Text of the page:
Palestinian Authority President Mahmoud Abbas is set to visit Turkey on Tuesday at the invitation of President Recep Tayyip Erdogan, announced Turkish Foreign Minister Hakan Fidan on Sunday.
Large container ship in a dock at port, Gemlik, Bursa © Mena Today
Abu Dhabi is set to buy a stake in a key Turkish port, according to four sources aware of the deal, in a further sign of a rapprochement between the once bitter geopolitical rivals.
Under the potential agreement, state-controlled group AD Ports Group would invest in an entity to be established by the Turkey Wealth Fund to run the Aegean coast port of Izmir, said two of the sources. The sources requested anonymity to discuss details of the deal that has yet to be finalized.
The size of the stake was not immediately clear but one of the sources said the deal could be valued at about $500 million. The port, owned by Turkey's sovereign wealth fund, is an important gateway that is in need of new investment. An official for the Turkey Wealth Fund declined to comment. AD Ports didn't immediately respond to a request for comment while ADQ, the emirate's sovereign wealth fund and majority owner of the ports group, wasn't available for comment.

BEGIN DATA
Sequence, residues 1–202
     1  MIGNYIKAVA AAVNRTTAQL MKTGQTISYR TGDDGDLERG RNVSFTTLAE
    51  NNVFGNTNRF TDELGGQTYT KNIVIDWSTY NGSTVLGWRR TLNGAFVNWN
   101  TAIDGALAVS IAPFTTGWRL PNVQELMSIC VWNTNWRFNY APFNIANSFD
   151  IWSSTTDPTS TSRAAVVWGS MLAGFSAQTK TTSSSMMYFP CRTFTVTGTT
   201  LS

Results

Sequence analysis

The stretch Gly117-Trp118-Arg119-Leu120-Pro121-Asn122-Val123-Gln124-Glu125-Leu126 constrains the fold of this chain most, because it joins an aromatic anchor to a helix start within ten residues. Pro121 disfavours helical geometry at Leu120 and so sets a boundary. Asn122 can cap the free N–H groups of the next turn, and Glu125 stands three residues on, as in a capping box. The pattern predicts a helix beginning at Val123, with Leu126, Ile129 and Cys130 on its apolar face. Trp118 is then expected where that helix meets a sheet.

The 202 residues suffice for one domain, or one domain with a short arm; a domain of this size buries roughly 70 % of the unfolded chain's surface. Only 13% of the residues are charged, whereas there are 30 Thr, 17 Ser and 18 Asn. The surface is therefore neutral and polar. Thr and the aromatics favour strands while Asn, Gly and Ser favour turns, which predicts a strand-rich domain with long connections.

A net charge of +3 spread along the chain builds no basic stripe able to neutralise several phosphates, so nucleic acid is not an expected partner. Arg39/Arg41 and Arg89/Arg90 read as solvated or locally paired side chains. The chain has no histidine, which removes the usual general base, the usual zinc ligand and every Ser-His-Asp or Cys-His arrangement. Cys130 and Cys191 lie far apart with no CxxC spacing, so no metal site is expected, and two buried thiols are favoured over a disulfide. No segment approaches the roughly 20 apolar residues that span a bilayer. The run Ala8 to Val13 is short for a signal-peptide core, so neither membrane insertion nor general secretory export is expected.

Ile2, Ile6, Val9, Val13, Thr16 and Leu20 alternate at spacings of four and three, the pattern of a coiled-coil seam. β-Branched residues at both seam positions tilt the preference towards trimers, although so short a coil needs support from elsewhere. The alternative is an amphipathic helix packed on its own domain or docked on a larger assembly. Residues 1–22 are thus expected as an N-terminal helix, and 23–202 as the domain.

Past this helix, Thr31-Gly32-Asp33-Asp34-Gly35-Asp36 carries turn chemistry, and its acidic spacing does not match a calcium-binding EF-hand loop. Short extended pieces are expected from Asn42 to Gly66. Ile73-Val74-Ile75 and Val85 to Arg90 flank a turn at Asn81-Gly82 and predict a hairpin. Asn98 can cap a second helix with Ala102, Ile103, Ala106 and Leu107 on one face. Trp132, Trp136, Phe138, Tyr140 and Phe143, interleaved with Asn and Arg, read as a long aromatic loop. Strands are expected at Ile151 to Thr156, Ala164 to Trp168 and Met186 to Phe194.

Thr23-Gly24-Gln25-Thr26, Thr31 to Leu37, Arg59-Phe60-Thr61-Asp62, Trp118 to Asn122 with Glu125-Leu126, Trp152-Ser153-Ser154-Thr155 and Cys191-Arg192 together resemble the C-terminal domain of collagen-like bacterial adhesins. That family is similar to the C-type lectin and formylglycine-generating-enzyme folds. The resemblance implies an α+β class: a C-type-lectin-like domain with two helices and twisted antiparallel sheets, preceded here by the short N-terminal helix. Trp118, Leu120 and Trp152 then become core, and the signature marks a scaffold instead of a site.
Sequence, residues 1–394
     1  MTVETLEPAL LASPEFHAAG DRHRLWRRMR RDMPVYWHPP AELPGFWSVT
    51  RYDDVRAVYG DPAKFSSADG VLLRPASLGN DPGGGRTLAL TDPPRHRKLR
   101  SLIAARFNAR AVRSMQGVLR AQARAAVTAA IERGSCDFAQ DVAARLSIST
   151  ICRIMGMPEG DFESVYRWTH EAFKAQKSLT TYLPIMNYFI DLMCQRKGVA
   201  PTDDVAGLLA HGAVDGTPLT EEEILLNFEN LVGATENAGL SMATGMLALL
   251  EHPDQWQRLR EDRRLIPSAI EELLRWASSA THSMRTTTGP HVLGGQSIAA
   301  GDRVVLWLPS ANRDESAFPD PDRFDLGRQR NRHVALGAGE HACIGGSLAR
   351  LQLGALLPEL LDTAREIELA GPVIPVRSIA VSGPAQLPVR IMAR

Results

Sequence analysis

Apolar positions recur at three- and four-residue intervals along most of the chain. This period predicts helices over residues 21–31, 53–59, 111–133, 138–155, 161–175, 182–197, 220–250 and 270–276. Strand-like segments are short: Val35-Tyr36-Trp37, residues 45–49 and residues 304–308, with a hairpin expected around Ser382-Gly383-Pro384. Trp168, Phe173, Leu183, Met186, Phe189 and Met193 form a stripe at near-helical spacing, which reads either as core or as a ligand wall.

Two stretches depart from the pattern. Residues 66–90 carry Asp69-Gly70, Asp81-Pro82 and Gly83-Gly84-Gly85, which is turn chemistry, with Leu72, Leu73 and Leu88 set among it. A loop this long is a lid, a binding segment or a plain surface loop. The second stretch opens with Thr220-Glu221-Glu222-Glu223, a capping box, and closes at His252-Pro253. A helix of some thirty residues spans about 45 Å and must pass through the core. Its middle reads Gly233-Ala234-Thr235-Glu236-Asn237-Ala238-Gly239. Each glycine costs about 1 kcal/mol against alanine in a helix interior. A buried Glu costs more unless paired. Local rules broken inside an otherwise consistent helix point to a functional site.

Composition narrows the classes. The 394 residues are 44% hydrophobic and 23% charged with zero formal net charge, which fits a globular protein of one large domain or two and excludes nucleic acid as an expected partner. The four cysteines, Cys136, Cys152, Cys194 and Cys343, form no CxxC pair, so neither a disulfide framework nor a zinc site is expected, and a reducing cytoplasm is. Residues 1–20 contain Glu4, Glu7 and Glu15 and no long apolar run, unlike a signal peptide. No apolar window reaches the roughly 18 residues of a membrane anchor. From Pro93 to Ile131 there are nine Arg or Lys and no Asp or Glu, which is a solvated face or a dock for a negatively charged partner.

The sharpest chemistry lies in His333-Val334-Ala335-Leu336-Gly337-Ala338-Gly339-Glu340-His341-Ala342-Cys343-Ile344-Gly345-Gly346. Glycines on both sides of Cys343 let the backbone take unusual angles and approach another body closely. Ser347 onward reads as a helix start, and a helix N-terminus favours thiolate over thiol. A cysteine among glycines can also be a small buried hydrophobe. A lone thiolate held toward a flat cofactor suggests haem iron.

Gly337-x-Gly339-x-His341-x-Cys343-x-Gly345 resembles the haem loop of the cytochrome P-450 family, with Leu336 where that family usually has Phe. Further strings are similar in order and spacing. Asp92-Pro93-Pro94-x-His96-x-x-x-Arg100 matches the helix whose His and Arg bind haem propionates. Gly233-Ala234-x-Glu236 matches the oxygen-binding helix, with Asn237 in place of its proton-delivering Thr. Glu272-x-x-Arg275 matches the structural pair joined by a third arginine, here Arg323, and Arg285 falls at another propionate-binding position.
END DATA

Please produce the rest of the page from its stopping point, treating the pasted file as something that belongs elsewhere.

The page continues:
The planned transaction comes as Turkey's government seeks foreign investment to accelerate its U-turn away from years of unorthodox economic policies that had sent inflation soaring and the currency plunging.
Turkey and the UAE began to repair ties two years ago following a bitter rivalry that was in a large part driven by ideological difference which saw the regional powers back opposing sides across the Middle East and North Africa.
UAE officials have since said they see huge investment opportunities in Turkey, including in energy and logistics. The Dubai state-owned port operating giant DP World bought a majority stake in a Turkish port earlier this year.
The UAE and Turkey signed a free trade agreement in May that was meant to make investment easier.
The two countries agreed a series of deals worth more than $50 billion in July as the Turkish president visited Gulf states in a bid to revive the economy.
Writing by Jonathan Spicer; Editing by Elisa Martinuzzi and Christina Fincher
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